Elements of the Philosophy of Right (Grundlinien der Philosophie des Rechts)

Recommended translation: Elements of the Philosophy of Right, trans. H. B. Nisbet. Cambridge: Cambridge University Press, 1991. In addition, the translation by T. M. Knox (Oxford: Clarendon Press, 1942) is widely used in existing Hegel scholarship. The Nisbet translation is recommended because it is more literal, and includes the canonical "additions" of Hegel's student Eduard Gans in the body of the text where they are relevant. First published in 1820.

Excerpt from the Preface:

This treatise, therefore, in so far as it deals with political science, shall be nothing other than an attempt to comprehend and portray the state as an inherently rational entity. As a philosophical composition, it must distance itself as far as possible from the obligation to construct a state as it ought to be; such instruction as it may contain cannot be aimed at instructing the state on how it ought to be, but rather at showing how the state, as the ethical universe, should be recognized.

᾿Ιδοὺ ῾Ρόδος, ἰδοὺ χαὶ τὸ πήδημα.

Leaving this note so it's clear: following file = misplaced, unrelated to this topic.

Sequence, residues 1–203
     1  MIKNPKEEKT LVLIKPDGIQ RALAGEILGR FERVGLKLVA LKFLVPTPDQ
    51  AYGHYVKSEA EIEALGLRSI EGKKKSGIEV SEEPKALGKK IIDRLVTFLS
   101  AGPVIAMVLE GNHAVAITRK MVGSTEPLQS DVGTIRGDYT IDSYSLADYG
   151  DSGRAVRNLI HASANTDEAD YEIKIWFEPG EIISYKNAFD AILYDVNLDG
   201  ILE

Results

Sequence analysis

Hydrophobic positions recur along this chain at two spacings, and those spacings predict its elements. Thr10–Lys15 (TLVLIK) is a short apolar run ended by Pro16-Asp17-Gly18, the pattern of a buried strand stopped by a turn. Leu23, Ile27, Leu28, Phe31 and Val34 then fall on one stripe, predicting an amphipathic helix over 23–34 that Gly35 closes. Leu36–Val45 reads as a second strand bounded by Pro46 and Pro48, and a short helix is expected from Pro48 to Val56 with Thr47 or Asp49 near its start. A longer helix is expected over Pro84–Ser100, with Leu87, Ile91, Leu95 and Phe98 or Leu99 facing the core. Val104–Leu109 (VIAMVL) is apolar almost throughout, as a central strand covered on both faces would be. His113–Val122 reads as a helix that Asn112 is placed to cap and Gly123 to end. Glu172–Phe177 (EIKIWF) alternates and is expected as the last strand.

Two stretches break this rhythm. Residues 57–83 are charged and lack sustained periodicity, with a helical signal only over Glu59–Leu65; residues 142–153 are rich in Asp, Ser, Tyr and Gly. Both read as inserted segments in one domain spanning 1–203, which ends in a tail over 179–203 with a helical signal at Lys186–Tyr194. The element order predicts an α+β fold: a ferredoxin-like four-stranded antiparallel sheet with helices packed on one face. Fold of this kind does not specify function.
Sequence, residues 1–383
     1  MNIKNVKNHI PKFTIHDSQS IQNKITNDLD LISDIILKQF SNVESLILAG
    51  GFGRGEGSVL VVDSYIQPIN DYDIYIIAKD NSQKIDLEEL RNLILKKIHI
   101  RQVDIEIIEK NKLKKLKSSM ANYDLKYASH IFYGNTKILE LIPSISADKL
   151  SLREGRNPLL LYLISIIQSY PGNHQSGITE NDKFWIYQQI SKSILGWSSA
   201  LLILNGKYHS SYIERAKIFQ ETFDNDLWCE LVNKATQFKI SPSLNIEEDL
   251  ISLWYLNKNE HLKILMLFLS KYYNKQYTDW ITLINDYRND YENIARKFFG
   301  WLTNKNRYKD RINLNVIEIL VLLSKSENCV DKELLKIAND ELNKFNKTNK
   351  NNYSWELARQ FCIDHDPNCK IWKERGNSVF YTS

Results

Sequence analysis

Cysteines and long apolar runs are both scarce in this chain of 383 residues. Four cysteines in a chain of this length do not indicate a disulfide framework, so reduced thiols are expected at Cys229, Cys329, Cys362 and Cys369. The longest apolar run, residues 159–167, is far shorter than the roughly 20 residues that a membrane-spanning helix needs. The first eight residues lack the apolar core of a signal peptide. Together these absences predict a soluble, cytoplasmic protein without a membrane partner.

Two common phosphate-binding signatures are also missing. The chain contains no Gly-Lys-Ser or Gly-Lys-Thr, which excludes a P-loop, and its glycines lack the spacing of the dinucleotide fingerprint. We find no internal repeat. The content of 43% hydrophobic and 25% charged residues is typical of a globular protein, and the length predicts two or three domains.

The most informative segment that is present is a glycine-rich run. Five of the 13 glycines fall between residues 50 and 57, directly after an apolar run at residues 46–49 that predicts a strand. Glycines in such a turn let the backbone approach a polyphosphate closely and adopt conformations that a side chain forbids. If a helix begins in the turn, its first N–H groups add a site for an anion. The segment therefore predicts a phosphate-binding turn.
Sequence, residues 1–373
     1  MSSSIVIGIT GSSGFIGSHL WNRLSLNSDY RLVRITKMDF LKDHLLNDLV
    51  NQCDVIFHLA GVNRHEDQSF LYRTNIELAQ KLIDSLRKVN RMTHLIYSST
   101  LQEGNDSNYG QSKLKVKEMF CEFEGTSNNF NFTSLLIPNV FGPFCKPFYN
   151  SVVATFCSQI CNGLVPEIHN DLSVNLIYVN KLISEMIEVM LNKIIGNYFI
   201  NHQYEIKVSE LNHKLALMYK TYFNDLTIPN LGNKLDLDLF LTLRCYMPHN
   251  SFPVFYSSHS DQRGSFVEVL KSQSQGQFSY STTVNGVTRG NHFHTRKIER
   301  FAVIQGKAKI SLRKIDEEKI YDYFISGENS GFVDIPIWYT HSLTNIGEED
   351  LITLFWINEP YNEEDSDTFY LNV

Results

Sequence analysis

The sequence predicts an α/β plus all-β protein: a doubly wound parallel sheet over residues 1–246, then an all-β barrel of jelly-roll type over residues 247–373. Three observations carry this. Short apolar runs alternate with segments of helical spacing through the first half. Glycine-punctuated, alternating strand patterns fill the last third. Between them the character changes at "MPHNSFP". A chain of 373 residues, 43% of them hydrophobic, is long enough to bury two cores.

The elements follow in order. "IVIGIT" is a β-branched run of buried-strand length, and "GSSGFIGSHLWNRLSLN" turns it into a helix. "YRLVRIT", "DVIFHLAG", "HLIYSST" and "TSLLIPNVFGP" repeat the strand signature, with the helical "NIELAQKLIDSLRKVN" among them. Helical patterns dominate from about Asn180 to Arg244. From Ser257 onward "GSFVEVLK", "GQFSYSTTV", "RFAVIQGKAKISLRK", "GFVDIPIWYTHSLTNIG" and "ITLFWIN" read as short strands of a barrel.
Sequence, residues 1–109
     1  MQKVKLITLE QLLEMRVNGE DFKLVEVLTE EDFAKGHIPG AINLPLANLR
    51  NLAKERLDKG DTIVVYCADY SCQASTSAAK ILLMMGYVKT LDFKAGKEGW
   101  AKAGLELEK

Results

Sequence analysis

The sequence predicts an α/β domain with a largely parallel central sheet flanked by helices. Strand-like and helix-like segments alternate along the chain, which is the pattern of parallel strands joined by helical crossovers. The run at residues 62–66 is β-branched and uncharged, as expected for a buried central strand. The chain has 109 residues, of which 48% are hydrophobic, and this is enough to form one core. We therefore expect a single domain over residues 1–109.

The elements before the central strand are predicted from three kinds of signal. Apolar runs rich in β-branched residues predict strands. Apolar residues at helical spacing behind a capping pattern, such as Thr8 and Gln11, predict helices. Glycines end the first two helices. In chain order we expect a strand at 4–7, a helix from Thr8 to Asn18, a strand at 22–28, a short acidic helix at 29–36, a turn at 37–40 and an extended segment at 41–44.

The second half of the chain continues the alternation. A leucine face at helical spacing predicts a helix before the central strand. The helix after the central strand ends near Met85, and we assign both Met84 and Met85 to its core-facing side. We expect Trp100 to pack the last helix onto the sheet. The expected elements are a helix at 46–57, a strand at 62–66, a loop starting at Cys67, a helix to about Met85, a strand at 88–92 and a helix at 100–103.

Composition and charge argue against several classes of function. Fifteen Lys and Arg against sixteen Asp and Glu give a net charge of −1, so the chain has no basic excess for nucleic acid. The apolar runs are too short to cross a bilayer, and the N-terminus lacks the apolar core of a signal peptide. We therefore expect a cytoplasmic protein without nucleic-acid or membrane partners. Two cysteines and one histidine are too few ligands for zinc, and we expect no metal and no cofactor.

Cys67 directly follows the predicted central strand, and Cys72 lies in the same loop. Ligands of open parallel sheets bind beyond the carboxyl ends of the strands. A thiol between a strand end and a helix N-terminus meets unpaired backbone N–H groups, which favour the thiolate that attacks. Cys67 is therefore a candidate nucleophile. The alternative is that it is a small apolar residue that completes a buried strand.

Hic Rhodus, hic saltus.

To comprehend what is the task of philosophy, for what is is reason. As far as the individual is concerned, each individual is in any case a child of his time; thus philosophy too, is its own time comprehended in thought. It is just as foolish to imagine that any philosophy can transcend its contemporary world as that an individual can overleap his own time or leap over Rhodes. If his theory does indeed transcend his own time, if it builds itself a world as it ought to be, then it certainly has an existence, but only within his opinions – a pliant medium in which the imagination can construct anything it pleases.


A further word on the subject of issuing instructions on how the world ought to be: philosophy, at any rate, always comes too late to perform this function. As the thought of the world, it appears only at a time when actuality has gone through its formative process and attained its completed state. This lesson of the concept is necessarily also apparent from history, namely that it is only when actuality has reached maturity that the ideal appears opposite the real and reconstructs this real world, which it has grasped in its substance, in the shape of an intellectual realm. When philosophy paints its grey in grey, a shape of life has grown old, and it cannot be rejuvenated, but only recognized, by the grey in grey of philosophy; the owl of Minerva begins its flight only with the onset of dusk.

Recommended translation on Amazon
Translation by S. W. Dyde at McMaster University